The provision of care by the medical personnel and staff of NAUTH might be of the highest technical quality, but the pertinent and central factor of the current lack of space for admission of patients, provision of offices for consultants and other categories of personnel, and the congestion of people, facilities, vehicles and service units within the temporary location cannot make for effective and efficient healthcare service delivery.

History is replete with the importance and significant role of economic intervention measures in advancing the growth and development of nations, corporate organisations and institutions, at crucial periods in their growth and development process.

The need for the Federal Government intervention measure for NAUTH to relocate to its permanent site has basis in history.   The administration of President Olusegun Obasanjo did grant the University of Jos Teaching Hospital presidential grant as an intervention take-off fund to enable the hospital move to its permanent site.

Nnamdi Azikiwe University Teaching Hospital, since inception for more than two decades, has not received any intervention package to boost the pace of development at the permanent site. As a matter of fact, it will take more decades with respect to the nature of paltry capital fund releases presently, for the hospital to move to its permanent site, functionally.

The development of NAUTH, as a tertiary health care institution within the environment of its coming into being, is of a unique character. Much of the modern buildings complementing the old general hospital infrastructure at the temporal site existence of NAUTH since inception, were built and endowed to the hospital by private individuals and organizations from Nnewi community.

So, even as NAUTH should be seen as a national edifice befitting the eminence, role and place of the person   of Rt. Hon. Dr.   Nnamdi Azikiwe, first Nigerian President and frontline Pan Africanist, there is yet no trace of national identification with the project of the development of NAUTH.

Culturally, in nations that aspire to enthrone genuine national   consciousness and patriotic zeal in the citizenry, foundational elements of nation building are enhanced through deliberate elevation of national institutions, as are endowed to heroes past, to the highest level of excellence as models and symbols of national pride. This national identification should be accorded NAUTH at this initial stage of its development. This   will further boost and foster national cohesion, sense of value and collective responsibility for achieving national goals and objectives.   This road to nation building will usher positive developments in other sections and aspects of the national economy and socio-political process.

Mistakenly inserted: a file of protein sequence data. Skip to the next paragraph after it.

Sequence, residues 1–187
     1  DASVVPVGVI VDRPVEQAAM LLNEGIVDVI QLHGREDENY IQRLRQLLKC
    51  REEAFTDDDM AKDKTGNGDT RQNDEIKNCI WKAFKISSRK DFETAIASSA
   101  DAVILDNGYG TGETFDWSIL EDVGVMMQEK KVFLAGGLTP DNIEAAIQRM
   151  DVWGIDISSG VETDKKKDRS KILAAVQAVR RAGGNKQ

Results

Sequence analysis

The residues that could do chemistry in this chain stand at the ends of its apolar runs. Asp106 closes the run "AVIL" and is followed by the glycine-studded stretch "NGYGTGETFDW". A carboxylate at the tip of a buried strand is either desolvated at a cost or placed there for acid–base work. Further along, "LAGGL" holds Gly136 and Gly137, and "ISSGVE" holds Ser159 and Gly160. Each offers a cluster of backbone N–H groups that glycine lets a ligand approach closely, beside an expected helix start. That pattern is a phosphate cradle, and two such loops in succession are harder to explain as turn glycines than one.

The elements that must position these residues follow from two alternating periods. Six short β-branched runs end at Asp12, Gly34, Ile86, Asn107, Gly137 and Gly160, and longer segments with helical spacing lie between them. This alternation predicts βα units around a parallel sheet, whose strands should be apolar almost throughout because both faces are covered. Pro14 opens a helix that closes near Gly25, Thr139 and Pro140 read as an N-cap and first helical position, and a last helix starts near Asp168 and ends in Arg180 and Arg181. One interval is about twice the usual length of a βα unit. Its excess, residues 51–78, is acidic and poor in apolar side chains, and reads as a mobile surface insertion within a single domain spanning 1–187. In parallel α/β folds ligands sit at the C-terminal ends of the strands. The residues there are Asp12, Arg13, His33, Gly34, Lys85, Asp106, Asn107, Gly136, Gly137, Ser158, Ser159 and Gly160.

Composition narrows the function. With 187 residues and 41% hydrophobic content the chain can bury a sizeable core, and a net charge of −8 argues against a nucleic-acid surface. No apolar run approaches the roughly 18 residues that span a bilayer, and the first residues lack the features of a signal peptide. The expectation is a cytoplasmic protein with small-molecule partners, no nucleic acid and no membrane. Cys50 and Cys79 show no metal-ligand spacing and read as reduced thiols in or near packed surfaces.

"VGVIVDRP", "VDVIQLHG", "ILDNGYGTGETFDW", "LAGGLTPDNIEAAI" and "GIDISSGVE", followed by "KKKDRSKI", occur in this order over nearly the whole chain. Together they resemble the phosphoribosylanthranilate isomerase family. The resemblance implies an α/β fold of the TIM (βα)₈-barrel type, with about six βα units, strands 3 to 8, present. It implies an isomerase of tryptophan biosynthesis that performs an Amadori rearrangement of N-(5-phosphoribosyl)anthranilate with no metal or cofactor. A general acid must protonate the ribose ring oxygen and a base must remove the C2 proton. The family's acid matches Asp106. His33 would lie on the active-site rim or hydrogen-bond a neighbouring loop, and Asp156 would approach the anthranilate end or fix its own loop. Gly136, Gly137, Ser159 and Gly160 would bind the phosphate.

Nnamdi Azikiwe University Teaching Hospital has enormous potentials for growth and greatness. These abound in the technical expertise, resilience, doggedness and drive of the hospital's workforce and successive management administrations since inception.

But the evidence that the great Zik of Africa came from this part of the globe should be seen in the accelerated growth and development of the hospital at the permanent site, and not in the reflection of the intrinsic values and traits that remind emerging generations of a people about the stories of their parents survival of the civil war and the continuing alienation and disconnect from the national scheme of things.

The debt we owe our heroes past, for the sacrifices they made for us, can only be redeemed through changes in national attitudes and perception of objectives as regards the value and importance of national institutions and symbols of our existence.

It was not for any fault of Rt. Hon. Dr. Nnamdi Azikiwe, as a champion of the aspirations of Nigerians for independence, and the emancipation of the blackman, for which he labored and suffered, that Nnamdi Azikiwe University Teaching Hospital is made unable to attain its purpose. It is our collective shame as a nation.

Should we cease to have any sense of shame and guilt, therefore, the prospects and hope for greatness for this nation, Nigeria, as dreamed of by our founding fathers, will continue to diminish by the day.

Mr. IKE AROH, a public affairs analyst,  wrote fromNnewi, Anambra State.